If we successfully convince them to let us go through the teleport formation they should be hiding in this castle, we will successfully escape the Prison, which would be very welcome. But if we fail and a fight does break out – as I’m pretty damn sure it’s going to – then it’s quite possible that I will end up dead before the night is out.
…Perhaps, if it does end up like this and Akasha seems like she’ll be defeated, I might still be able to pretend that it was all her idea, and that I really am only poor, innocent, down-on-her-luck merchant Yinan, who unknowingly employed this reckless criminal as a bodyguard.
Before I can continue questioning my own motivations and coming up with backup plans, Lady Jodene raises her head, and her gaze sweeps over us. “Welcome,” she says. “You already know Shen Lei, and I’m Jodene. I’m in charge of this fortress, which you might have guessed from the fact that it’s named after me.”
Of course, who on earth wouldn’t know who she is?
…Well, Akasha, probably, now that I formulate the question.
I bow deeply and introduce myself back. “It’s an honor to meet you, Lady Jodene. I am Yinan, a free merchant. This is Akasha, a bodyguard in my employ.”
“Bodyguard, huh?” She repeats, her voice clearly dubious.
My smile doesn’t falter. “That’s correct. Is there a problem?”
She smirks, as if to tell me that she’s perfectly aware that I’m lying, but that she’ll let it go since it’s entertaining. “Forgive the question, but how much are you paying the services of this bodyguard of yours, exactly?”
“The amount is negotiable at the end of the contract, according to the dangers faced during her employment,” I reply without missing a beat.
Jodene’s smirk deepens. “I see. But I’m neglecting my manners! Please, take a seat.”
I select a chair at random from the two left free, then glance to the side at Akasha to see her prod its cushion experimentally, as if testing to see if it’s as comfortable as it looks. I have to work very hard to repress a chuckle when I imagine her suddenly complaining to Jodene that it’s too hard and she’d like more padding – ‘or maybe a cushion, as long as the embroidery doesn’t look too much like shit’. Considering the girl’s unconventional notions on the subject of politeness, I have no doubt she’d be perfectly capable of doing just that, if the idea came to her.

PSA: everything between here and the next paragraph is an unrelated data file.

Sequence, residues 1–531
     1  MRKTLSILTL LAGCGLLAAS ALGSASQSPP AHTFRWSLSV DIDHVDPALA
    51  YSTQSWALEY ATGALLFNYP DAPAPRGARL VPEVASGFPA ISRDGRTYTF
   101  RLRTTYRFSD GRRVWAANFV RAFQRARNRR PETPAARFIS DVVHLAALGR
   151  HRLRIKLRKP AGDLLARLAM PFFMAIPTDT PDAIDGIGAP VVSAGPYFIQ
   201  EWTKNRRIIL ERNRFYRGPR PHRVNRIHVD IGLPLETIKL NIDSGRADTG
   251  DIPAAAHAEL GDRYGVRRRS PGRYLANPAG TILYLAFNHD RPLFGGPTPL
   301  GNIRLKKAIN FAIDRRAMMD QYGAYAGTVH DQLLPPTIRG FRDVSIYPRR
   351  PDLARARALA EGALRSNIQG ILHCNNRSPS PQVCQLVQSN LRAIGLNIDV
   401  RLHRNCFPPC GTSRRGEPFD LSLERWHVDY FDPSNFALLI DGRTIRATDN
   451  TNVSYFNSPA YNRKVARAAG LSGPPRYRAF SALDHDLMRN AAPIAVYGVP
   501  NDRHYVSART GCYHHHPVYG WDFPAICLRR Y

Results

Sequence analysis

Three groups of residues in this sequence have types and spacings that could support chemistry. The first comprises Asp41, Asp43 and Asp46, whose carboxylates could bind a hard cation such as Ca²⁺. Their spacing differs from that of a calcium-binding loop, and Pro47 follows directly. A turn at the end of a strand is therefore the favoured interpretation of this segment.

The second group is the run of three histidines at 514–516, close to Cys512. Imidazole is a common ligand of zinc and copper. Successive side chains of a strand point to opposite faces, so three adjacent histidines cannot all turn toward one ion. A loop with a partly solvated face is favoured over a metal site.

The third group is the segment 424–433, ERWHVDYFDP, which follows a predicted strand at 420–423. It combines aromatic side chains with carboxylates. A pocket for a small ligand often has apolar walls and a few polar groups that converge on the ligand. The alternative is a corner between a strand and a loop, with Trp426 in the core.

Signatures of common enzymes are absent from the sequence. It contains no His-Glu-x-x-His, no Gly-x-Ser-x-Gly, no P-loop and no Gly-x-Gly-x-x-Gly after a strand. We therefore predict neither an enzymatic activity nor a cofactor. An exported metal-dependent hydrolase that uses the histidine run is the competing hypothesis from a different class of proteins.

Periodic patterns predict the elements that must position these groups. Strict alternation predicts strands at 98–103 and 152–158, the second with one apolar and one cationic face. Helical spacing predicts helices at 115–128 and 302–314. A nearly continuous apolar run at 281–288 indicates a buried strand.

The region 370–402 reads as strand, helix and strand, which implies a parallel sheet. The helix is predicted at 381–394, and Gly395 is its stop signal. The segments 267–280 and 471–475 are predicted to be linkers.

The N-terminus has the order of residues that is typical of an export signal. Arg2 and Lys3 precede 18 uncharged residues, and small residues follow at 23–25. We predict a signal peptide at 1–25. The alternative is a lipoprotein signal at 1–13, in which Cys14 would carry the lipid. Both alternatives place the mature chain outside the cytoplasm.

Fortunately enough, after only a few moments of consideration, Akasha seems to decide that she may as well risk it and slowly sits down. The wood screeches in protest, absurdly loud in the vast hall, causing Jodene to gaze at Akasha with a thoughtful look on her face, which is compounded a second later, when Akasha spontaneously decides to remove the hood of her cloak, exposing her demonic features.
Neither Jodene nor Shen Lei look surprised, though.
I assume Shen Lei noticed the truth at some point while we were traveling together and reported the fact to Jodene today, when he arrived.
What else did he discover?
I’m starting to get a bad feeling about this. Perhaps, we should reconsider this plan and try to come up with one a bit more subtle than just asking them where –
[…Where is the teleport formation?]
Before I can try to find some way to discreetly share my misgivings with her, Akasha’s voice thunders in my mind and, judging from their reaction, that of the other two.
…She sure doesn’t lose any time, does she?
This is supposed to be a banquet, but the food hasn’t even arrived that she’s already entered into the main subject, as directly and explicitly as she possibly can.
Yes, now that I think about it, with this girl as she is, would coming up with a subtle plan for her to execute even be possible? She’s too much of a blunt instrument for such a thing, probably.
And what’s done is done, now, anyway.
“The teleport formation to…?” Jodene says, her eyes narrowing a little.
“Ah. Yes. I had something of a guess that using it would be the purpose of your visit to our fortress.” Jodene nods, pursing her lips in thought. “But I would like to discourage you from that, if I could.”
Akasha’s expression – or lack of it – doesn’t falter. She keeps staring at Jodene unblinkingly.
“Well, it’s fairly simple,” Jodene replies. “Let me ask you a question. Why am I still in the Prison, when its exit stands in my very castle? Without boast, I believe that I am, even now, the strongest person on this plane. And yet, why am I still here? Why aren’t I going through this teleport formation myself?”
I frown slightly at the implied insult that Akasha is excluded from that category of ‘person’, but then again, many people would hold that as a valid opinion – I’m not even sure myself if apostles and devils do qualify for the word – so I don’t interrupt. Akasha herself is completely oblivious to any sort of subtext, of course.